Speaking of windows—please do not let your dog hang his head out of the window! Flying debris can be injurious to his eyes and face. And dogs DO jump out. Trust me on that one, and the outcome is not good.
Leashes—YES: Be SUPER careful at rest stops, public places or anywhere your dog is unfamiliar and err on caution with a leash. First, it is most likely a law. Second, how awful it would be for a nervous dog to take off into traffic- their response in unfamiliar environments is completely unpredictable. Please protect them from themselves.
Carsick? Absolutely, your dog can get carsick. Hanging head, salivating, a wider-legged stance, vomiting, and defecting are all signs of motion sickness. Most dogs either get carsick or don’t. A test drive will probably give you a good idea of what his response will be. One help is to feed your dog less on car ride days. There are medications that can help too—just like in humans! Call your veterinarian for the correct medication and dose.
Food and Water: Be sure to bring your dog’s regular food with you—a change in diet is the first question veterinarians will ask when a dog has an upset stomach. Again, there is no need to feed him a full bowlful on traveling days. Regular access to water on the other hand is ESSENTIAL! Bring bottled water for rest stops and a bowl. You can find convenient travel bowls that are collapsible and take little room, for portability, hikes, etc. Bring water for your dog as you would for yourself.
Hotels: Some are pet friendly, and some are not. Many require proof of vaccination. So, remember to have access to your records. Hotels will identify whether they allow pets or not. Call ahead to see if pet friendly means "ok, you can bring your dog as long as he is kenneled in the room" or "we LOVE having your dog and have all sorts of cool things like nice exercising areas etc."
Pets have been crucial companions to many of us as we have worked our way through the isolation of quarantine. They truly are our best buds, and deserve to share in the celebration as we are given the opportunity to venture out! In closing, if you have any questions, find one of the many wonderful resources online that help to plan a safe and memorable getaway for you and your faithful furry friend! Here are some examples:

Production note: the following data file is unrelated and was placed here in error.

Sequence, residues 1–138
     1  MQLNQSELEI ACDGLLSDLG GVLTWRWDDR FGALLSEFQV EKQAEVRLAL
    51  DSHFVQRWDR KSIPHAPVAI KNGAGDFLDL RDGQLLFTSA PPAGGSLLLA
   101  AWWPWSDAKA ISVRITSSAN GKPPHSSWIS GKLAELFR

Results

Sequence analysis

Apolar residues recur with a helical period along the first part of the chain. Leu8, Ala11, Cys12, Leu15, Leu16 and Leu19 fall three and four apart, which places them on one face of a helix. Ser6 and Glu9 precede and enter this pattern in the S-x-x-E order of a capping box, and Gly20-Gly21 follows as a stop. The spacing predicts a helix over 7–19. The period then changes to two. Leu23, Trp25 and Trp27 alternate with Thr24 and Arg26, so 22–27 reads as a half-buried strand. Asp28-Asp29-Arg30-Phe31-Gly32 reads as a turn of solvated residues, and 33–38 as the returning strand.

And if you are looking for a fun, campy tune to ride-along with, check out my song “Road Trip” written while traveling with my pups!
p.s. Oh boy—did I forget someone? Unless you are going to a place that is familiar and you will be staying a bit, most cats are more content to stay tucked in bed at home. Some cats are very well travelled though, and the same tips apply!! Except that I would need a really strong argument about traveling with a cat NOT in a carrier, as they can easily sneak under the gas pedal or brake (yes, I have had that happen…) or poop on the dashboard in a traffic jam (yes, I have had that happen too), so just trust me on this one…
ABOUT | Rändi
Rändi Fay, DVM practiced veterinary medicine for 13 years in the Twin Cities and in Green Bay, WI until a hand injury forced her into early retirement. She has since become a notable creative presence on the Wisconsin music scene, performing, recording and songwriting, being a four time Wisconsin Area Music Industry “Jazz Artist of the Year” nominee (2015, 2016, 2017 & 2018) and two time UK Songwriting Contest semi-finalist ("Winter Wind" & "Freely Given" 2017). Rändi lives in Green Bay, WI, enjoying time with her family, including two dogs, one cats, two grad-dogs and three grand-cats. Visit: randifay.com